I've listed down the most common stuff you'll need to start your moonshining habit! These are tools you want to have when preparing your mash up to the stage of reading the ABV (alcohol by volume) of your moonshine (or whatever spirit you're after).
You will need hot and cold water to prepare your mash so the fermenting vessel could be made of any material as long as it can handle tolerable heat. Glass demijohns (carboys) are what we commonly see as wash storage vessels but you can also use plastic food grade barrels, it is made up of special hard plastic that prevents warping. Any regular polythene containers (plastic with number 4 labels) can be useful.
The airlock, made of plastic, has a water trap that permits the escape of carbon dioxide produced as a byproduct of fermentation. The contained water and carbon dioxide altogether prevents air to enter the fermentation bucket. This protects the mash from oxidation and contamination.
Your fermentation lock should be tightly fitted to the plastic lid, cap or cork to completely seal the mash.
You can either use a pot or a reflux still, it depends on how you want your final product to be. The pot still has a basic design but can be reasonably efficient. Most DIY stills are created in the same way a pot still functions. It makes an incomplete distillation which positively retains the flavor of the mash. This is what you want if you’re after moonshine, whiskey, brandy or any flavorful drink.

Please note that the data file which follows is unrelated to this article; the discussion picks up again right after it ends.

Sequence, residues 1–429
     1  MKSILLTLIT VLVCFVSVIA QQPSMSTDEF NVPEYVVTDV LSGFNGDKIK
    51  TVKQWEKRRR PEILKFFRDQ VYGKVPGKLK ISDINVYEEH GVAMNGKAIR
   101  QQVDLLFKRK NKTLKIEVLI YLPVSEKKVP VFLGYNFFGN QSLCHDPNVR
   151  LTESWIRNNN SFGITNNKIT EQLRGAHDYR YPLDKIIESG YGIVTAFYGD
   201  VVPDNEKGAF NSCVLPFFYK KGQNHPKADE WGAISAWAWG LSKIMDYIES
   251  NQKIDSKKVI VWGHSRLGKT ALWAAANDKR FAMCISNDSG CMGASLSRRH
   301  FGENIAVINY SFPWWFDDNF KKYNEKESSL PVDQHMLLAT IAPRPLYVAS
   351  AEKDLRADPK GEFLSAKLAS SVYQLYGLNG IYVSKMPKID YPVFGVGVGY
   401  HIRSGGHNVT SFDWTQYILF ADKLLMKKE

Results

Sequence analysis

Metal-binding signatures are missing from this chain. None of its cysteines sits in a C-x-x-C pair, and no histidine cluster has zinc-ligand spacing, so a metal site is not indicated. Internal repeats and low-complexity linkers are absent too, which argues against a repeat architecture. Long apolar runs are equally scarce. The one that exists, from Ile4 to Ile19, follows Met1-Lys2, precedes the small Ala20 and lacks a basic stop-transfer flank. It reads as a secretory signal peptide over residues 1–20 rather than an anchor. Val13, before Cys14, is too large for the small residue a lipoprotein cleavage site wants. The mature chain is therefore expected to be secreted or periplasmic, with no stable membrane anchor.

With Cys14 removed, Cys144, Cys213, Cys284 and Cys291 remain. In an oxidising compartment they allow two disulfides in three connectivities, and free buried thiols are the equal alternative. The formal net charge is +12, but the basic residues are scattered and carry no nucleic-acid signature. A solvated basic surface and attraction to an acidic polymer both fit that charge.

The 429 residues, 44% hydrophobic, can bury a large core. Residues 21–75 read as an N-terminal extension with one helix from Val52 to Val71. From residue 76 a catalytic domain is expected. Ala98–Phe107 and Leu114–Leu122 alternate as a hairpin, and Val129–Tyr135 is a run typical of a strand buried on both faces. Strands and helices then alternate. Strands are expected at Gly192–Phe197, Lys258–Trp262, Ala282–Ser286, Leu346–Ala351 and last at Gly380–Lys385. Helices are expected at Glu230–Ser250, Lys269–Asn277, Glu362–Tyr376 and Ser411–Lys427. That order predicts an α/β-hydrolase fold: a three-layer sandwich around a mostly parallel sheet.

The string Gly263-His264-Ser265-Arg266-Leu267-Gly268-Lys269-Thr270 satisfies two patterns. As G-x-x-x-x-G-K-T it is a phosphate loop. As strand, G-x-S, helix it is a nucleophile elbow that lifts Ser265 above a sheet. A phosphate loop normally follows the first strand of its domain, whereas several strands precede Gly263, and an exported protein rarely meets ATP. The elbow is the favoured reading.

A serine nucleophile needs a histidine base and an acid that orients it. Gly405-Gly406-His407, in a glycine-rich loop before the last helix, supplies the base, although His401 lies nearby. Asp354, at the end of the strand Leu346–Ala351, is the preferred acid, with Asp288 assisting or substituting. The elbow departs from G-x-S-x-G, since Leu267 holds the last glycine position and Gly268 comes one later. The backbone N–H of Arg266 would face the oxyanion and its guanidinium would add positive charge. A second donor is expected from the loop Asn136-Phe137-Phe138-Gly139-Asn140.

Your distillate when redistilled multiple times in a pot still becomes clearer and neutral. This is what a reflux still does, it performs several distilling processes in one go. It’s particularly efficient when making vodka or rum.
Both types are commonly constructed either with stainless steel or copper although, most distillers prefer the latter for its various advantageous properties.
This one depends on your preference. It’s safer to work with electricity than open flame, although both gas and electricity are suitable heating elements to distill alcohol. When distilling indoors, especially with smaller stills (ten or less gallons), an electric stove or a portable hot-plate is an excellent option. Using natural gas or oil stove should be avoided indoors. Propane burners are very effective as well, but as with any heat source that uses flame, they should always be used outdoors.
A thermometer obviously gauges the temperature of the set up. This is an important equipment especially when working on a reflux still, it determines the temperature at the top of the column during distillation. Although not completely necessary, having one in a pot still guides novice distillers in monitoring the distilling activities inside the boiler. This temperature gauge is usually fitted in a thermowell before it is affixed to the still to protect the sensor from pressure.
Handheld temperature guns may also be used in the same fashion. They’re flexible as they usually come with both Celsius and Fahrenheit gauges, so no conversion is needed with any moonshine recipe. These are available at any local hardware store.
This instrument can measure the specific gravity, potential alcohol and sugar content of your solution. It's a little float that sinks or floats according to the density of the liquid it's floating in. The further it sinks means the higher proof alcohol you have.
Hydrometers can also determine when the fermentation has ceased activity although most distillers would know from mere senses when the whole fermenting process is completed.
Posted by Jason Stone on